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Mladá Boleslav - In 1996, ŠKODA presented the first generation of the modern OCTAVIA. With it, the Czech automobile manufacturer took another important step after the FELICIA of 1994 and subsequently established today's bestseller as a permanent fixture in the compact segment. With the OCTAVIA WRC, ŠKODA also underscored its high ambitions with the OCTAVIA in international rallying. In addition to the complete selection of images for this press release on the media portal skoda-media.de, there is also a 32-page brochure on various topics from 120 years of ŠKODA Motorsport. After the great success of the ŠKODA FAVORIT in the World Cup for vehicles with a powered axle, naturally aspirated engine and a displacement of less than two liters (so-called F2 class) and numerous victories for the ŠKODA FELICIA Kit Car, the ŠKODA Motorsport works team also wanted to be in the top class of the international rally sport.
Skoda Octavia WRC (1999)
So the first generation of the modern ŠKODA OCTAVIA came in 1996 and the decision of the International Automobile Federation (FIA) to introduce the WRC (World Rally Car) category in 1997 was just the right time. Unlike before in Group A, manufacturers who did not build special, charged vehicles with all-wheel drive were now also able to participate. For a successful homologation it was no longer necessary to issue a limited street version of the respective vehicle.
It was enough if the racing car was based on a mass-produced model. The ŠKODA Motorsport team faced numerous challenges when setting up the OCTAVIA WRC. Only when developing the ŠKODA OCTAVIA Kit Car with front-wheel drive did they gain experience with modifications to the new compact model. Under these circumstances, it turned out to be a great advantage for the team to be able to use components from the corporate shelves and to be able to fall back on proven, high-quality components when assembling the racing car.
300 hp in the Škoda Octavia WRC
The supercharged two-liter engine with five-valve technology was used in the ŠKODA OCTAVIA WRC. It developed 221 kW (300 hp), the torque at 3.250 rpm was initially 500 Nm, later up to 600 Nm. The empty weight of the car was 1.230 kilograms and thus corresponded to the minimum value stipulated in the regulations. In conjunction with all-wheel drive, the OCTAVIA WRC was the most dynamic racing car in ŠKODA's motorsport history to date. In the course of 1998, the technicians began to test the first copies, although they had to contend with the scheduling of the first official use of the new car in the World Rally Championship.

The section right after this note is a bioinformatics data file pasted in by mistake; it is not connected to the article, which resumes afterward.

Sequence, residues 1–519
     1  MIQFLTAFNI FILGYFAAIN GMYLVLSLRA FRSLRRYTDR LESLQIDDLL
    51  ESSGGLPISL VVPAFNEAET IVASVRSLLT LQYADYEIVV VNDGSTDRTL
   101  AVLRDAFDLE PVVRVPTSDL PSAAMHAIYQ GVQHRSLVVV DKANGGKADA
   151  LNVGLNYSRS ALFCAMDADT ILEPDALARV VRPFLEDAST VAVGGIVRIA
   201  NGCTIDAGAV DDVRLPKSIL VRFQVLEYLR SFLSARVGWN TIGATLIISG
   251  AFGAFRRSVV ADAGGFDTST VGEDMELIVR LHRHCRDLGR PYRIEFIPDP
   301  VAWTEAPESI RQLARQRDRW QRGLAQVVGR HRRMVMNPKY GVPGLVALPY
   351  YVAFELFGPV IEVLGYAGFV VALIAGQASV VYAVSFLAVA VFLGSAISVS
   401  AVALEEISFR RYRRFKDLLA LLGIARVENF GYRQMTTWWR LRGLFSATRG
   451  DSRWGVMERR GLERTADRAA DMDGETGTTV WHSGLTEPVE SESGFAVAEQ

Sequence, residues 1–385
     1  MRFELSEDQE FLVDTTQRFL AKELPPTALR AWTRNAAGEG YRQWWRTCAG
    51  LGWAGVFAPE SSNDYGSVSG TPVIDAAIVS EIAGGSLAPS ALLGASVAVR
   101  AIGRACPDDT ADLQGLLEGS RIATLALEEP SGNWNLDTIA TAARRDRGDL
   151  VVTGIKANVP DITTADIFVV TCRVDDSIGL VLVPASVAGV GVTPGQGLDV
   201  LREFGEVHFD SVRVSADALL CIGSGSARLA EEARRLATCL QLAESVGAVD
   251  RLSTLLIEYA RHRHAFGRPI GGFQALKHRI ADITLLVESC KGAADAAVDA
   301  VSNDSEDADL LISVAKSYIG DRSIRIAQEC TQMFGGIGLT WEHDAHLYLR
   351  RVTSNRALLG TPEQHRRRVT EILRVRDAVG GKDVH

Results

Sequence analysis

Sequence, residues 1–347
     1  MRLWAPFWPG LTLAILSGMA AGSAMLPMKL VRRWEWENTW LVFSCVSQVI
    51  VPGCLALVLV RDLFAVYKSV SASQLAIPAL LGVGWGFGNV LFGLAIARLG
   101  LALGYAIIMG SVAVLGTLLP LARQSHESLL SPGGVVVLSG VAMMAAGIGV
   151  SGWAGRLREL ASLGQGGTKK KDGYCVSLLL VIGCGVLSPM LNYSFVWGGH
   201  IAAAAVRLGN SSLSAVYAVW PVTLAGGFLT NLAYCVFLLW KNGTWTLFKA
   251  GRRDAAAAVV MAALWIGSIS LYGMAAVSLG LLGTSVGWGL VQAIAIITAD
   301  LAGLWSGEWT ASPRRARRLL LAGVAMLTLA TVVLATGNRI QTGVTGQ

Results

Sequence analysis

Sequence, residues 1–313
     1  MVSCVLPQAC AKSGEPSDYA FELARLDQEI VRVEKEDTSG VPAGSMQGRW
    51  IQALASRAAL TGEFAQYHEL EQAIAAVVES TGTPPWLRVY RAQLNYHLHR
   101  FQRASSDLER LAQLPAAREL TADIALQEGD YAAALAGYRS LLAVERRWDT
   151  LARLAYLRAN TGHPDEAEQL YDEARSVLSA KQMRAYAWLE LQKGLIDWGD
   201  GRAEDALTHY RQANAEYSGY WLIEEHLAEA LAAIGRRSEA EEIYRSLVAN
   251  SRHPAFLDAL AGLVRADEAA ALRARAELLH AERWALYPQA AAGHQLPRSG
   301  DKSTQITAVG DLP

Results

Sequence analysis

The number one among the drivers of the new ŠKODA OCTAVIA WRC was the experienced German driver Armin Schwarz, who was considered the best test driver on the rally scene at the time. His experience and intuition proved to be crucial in setting up the OCTAVIA WRC. The second driver was one of the two successful Czech drivers Pavel Sibera or Emil Triner, depending on the surface on which the respective rally was held.
The ŠKODA OCTAVIA WRC made its debut in the 1999 season at the legendary Monte Carlo Rally. The automobile manufacturer used the first season in particular to further adjust the vehicle's setup and to gain initial experience. At the last race of the season, the famous British RAC rally, the Belgian Bruno Thiry almost took a place on the podium and finished fourth in the overall standings. Within just one season, the OCTAVIA WRC developed from an absolute newcomer in the field to a fully competitive challenger.
firm place in the history of ŠKODA Motorsport
Over the years, several drivers from among the international rally elite have driven the ŠKODA OCTAVIA WRC. In addition to Armin Schwarz and the Czech stars Pavel Sibera and Emil Triner, this also included Bruno Thiry, Luis Climent, Roman Kresta, Jan Kopecký, Gabriel Pozzo, Toni Gardemeister, Kenneth Eriksson, Didier Auriol, Matthias Kahle and Stig Blomqvist.
The ŠKODA OCTAVIA WRC has a firm place in the history of ŠKODA Motorsport and shaped the image of the brand: It achieved victories in special stages, finished on the podium (Armin Schwarz, 3rd place in the overall ranking of the Safari Rally 2001) and demonstrated its reliability the international rally slopes have been proven many times over. In doing so, he strengthened the position of ŠKODA Motorsport on the race tracks of the World Cup and prepared the ground for the manufacturer's next racing car in the WRC as the highest class of rally sport.
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ŠKODA OCTAVIA WRC (1999): the entry into the top league of international rally sport
Photo credit: Škoda
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